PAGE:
Photos on Realme 8 5G in the daytime and well-lit lighting conditions are amazing, to be honest. The results turn out to be high in dynamic range and the sensor manages to retain a good amount of details but doesn’t get over the clouds just yet because you would still end up with noise in the final shot. Capturing a fast-paced object like a train will be difficult so try taking a video instead. There’s no ultrawide camera this time so yeah, the 48MP primary sensor is the only usable camera.
At night time, you can use a dedicated Night Mode that uses the software under the hood to clean up shots taken during low-light conditions. But hey, that doesn’t mean you will get the best shot here. Night Mode does apply its magic but it falls short as the results are unrealistic at times with excessive colour pumping.
Moving on to the sort-of useless section of the rear camera right, you get a 2MP B&W sensor that slaps a monochrome filter on the images captured by the primary sensor. Feels useful, isn’t it? A depth sensor would have added the required depth effect for a better portrait shot but hey, I already mentioned that this is a pretty useful part. The device can still take portrait shots but with soft blue and decent edge detection, having a depth sensor would have enhanced it.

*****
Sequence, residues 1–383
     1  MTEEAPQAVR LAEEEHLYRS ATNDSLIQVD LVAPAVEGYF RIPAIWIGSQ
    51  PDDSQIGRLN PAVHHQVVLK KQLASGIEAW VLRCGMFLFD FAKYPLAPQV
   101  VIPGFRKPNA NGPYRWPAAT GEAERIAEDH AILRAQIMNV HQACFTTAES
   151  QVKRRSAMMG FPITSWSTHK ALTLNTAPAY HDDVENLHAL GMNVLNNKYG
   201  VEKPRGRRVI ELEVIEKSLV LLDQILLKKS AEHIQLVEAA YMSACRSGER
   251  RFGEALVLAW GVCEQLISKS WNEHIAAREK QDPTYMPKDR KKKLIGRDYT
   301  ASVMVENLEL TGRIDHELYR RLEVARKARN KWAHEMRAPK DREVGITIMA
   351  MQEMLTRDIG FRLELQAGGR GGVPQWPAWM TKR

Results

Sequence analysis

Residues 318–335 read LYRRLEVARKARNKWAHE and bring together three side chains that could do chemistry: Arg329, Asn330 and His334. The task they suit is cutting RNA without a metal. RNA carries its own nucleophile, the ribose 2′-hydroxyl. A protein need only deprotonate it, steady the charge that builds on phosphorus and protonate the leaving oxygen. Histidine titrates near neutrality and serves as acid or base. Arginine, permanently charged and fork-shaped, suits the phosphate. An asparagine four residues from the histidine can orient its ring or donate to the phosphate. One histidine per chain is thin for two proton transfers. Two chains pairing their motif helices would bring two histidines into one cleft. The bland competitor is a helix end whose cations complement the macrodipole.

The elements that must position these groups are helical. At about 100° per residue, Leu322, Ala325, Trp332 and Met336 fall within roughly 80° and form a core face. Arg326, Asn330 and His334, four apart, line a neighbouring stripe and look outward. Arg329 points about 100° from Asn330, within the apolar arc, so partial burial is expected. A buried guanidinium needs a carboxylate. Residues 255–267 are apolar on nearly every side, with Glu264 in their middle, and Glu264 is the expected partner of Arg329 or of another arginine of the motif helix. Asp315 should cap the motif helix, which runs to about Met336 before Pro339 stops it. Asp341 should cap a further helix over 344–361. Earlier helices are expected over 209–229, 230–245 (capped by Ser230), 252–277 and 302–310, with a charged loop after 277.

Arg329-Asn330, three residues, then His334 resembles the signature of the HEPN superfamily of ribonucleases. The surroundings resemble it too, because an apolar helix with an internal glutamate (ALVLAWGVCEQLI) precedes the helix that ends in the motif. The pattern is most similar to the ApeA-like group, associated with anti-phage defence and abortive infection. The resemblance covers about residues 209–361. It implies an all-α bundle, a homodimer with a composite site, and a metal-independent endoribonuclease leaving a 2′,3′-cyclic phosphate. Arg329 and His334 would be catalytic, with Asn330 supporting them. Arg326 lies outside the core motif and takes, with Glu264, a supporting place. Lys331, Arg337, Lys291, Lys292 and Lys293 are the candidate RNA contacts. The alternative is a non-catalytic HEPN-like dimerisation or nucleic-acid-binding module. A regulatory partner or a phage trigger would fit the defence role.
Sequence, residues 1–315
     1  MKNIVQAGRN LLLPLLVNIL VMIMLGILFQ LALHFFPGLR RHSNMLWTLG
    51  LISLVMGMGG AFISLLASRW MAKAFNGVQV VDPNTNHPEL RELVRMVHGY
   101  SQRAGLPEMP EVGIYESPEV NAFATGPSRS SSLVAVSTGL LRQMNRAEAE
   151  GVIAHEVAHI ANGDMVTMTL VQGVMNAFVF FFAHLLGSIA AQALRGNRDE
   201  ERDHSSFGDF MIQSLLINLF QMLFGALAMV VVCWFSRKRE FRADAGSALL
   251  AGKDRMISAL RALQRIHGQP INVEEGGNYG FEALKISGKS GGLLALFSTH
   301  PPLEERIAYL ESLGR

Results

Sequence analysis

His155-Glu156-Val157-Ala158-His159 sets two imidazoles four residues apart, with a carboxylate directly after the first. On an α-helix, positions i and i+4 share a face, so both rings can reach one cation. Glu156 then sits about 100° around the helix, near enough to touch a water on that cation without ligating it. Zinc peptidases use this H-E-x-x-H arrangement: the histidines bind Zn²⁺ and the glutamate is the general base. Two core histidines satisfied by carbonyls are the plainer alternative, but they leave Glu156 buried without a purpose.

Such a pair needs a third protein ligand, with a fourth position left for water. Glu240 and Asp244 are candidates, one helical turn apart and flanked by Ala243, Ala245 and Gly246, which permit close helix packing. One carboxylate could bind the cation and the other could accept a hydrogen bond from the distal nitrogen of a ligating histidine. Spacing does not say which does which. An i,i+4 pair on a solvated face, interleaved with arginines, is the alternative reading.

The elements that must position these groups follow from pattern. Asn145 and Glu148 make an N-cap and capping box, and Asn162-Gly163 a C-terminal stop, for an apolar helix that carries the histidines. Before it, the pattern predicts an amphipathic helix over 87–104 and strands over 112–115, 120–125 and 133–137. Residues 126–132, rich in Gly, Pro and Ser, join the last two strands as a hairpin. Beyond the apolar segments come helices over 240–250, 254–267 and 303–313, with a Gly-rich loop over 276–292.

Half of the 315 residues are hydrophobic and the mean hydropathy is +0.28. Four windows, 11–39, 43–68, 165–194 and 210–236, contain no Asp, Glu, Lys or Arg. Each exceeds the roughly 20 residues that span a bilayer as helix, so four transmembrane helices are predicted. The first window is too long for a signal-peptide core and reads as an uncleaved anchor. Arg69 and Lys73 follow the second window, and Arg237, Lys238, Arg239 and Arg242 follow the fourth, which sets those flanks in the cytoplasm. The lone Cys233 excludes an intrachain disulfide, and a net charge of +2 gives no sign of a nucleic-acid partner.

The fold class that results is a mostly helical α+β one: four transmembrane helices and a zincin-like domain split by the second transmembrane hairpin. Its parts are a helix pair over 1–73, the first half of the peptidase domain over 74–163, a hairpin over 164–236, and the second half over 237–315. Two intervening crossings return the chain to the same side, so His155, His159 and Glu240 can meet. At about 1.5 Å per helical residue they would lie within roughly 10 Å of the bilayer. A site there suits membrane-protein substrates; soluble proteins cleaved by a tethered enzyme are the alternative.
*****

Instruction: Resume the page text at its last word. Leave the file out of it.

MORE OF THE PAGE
Finally, the third sensor is a 2MP macro sensor which without going into further detail, is hit-and-miss at times. A good lighting condition would make the shots pop out but try snagging a pic in low light condition and it would not end well.
Turn the phone around and you get a 16MP front selfies shooter. Now there’s not much to say about the selfie camera since it is usually used for selfies (of course), video calls, and so on. It is as per the standards. All the shots are accepted subjected that the lighting conditions are good.
Realme 8 5G packs in a colossal battery rated at 5,000 mAh. Now that might seem a lot (although it is), 5G support does require an exorbitant amount of battery backup but as long as there’s no 5G available in India on a mass scale, you are good and ahead in the game. The battery lasts more than a day on moderate usage although you can squeeze half a day if used properly. I was able to get a SOT of 6 hours which is great for Realme 8 5G.